No wonder this spot was immediately finalised for the establishment by Commander Nott, Chief of Staff to the Flag Officer, Bombay.

Lt Cdr Joe Nuttal was given the responsibility of executing the move under the guidance of Lt Cdr John Coverdale Smith, the officer-in-charge of the Mechanical Training Establishment, who went on to become the first Commanding Officer of HMIS Shivaji.

At Shivaji, the philosophies of ‘Practice Makes Perfect’ and ‘Work is Worship’ have been amalgamated to form the ‘SKILL AT WORK’ motto.

The arm wielding the hammer, rising above the water, signifies the human power and the dexterity of the man behind the machine, denoting a meaningful liaison between subtle skill and gross power.

The 1000 plus strong Sagar Prahari Bal, the Navy’s security force formed after the 26/11 terror attacks in Mumbai to protect country’s coastal areas, also undergoes training at INS Shivaji. Operations and maintenance of equipment in technical training courses is also imparted.

The campus has a Naval Engineering Museum that depicts evolution of marine propulsion and Naval engineering systems and a Motivation Hall which provides glimpses of the evolution of INS Shivaji. Other facilities include an Olympic- size swimming-pool and a Watermanship Training Centre located at Shivasagar dam. There is an outdoor classification range and an indoor firing range.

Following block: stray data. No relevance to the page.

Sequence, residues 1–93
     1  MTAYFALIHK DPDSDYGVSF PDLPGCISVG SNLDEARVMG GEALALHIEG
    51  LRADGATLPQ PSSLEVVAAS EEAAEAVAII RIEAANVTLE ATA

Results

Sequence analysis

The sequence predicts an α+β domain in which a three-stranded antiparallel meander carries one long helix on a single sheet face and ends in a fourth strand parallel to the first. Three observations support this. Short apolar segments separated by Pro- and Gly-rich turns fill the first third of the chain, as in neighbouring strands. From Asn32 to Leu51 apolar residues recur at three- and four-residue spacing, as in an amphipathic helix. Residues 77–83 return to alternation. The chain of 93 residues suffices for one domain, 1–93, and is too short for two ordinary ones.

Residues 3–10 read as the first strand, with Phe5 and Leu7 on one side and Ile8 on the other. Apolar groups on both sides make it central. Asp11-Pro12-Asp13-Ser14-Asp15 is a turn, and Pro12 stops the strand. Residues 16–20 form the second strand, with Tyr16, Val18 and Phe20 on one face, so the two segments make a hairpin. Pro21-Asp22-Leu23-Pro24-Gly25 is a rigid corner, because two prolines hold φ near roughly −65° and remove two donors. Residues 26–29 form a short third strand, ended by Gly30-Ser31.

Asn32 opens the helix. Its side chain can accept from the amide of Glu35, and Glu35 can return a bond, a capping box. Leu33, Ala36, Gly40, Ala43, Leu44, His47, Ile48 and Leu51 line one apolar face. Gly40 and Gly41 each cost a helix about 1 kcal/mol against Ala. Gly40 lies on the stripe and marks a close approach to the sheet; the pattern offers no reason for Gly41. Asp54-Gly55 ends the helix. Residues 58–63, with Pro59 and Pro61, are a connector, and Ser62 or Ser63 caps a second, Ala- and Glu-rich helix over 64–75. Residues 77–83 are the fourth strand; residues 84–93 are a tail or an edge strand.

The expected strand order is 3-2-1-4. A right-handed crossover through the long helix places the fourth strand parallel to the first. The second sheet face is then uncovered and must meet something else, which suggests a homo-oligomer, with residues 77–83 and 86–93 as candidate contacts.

Spread over 876 acres, INS Shivaji has three institutions, the Naval College of Engineering, Centre of Marine Engineering and Technology, and Nuclear, Biological and Chemical Defence (NBCD) School. There is a Cadets Training Department too.

The Naval College of Engineering undertakes B.Tech. courses at the entry-level for technical officers’ entry into the Service. It is affiliated to JNU. The faculty is a mix of (Defence Research and Development Organisation) DRDO scientists and Naval officers.

The Centre of Marine Engineering Technology (CMET) is a vast facility equipped to undertake ab initio, qualifying and marine specialisation courses for officers, sailors and civilians. It also undertakes a specialised pre-commissioning training of officers and sailors on actual equipment fitment onboard war vessels prior to appointment.

The training wings also include the EPCT School. It has a Cadet’s Training Department which is similar to an Officers’ Training Academy which undertakes training of cadets in personality development, leadership qualities and waterman ship, so as to groom them into effective leaders of men and efficient managers of technology.

The NBCD School imparts training in nuclear, biological and chemical aspects, damage control and fire-fighting. It has a world class damage control simulator namely Akshat. It is an excellent facility for practical training in simulated damage control procedures onboard ship.

Notably, all combat assets of the Indian Navy, including warships, have NBC safefuards.

Needless to say, INS Shivaji plays a key role in marrying minds and technologies.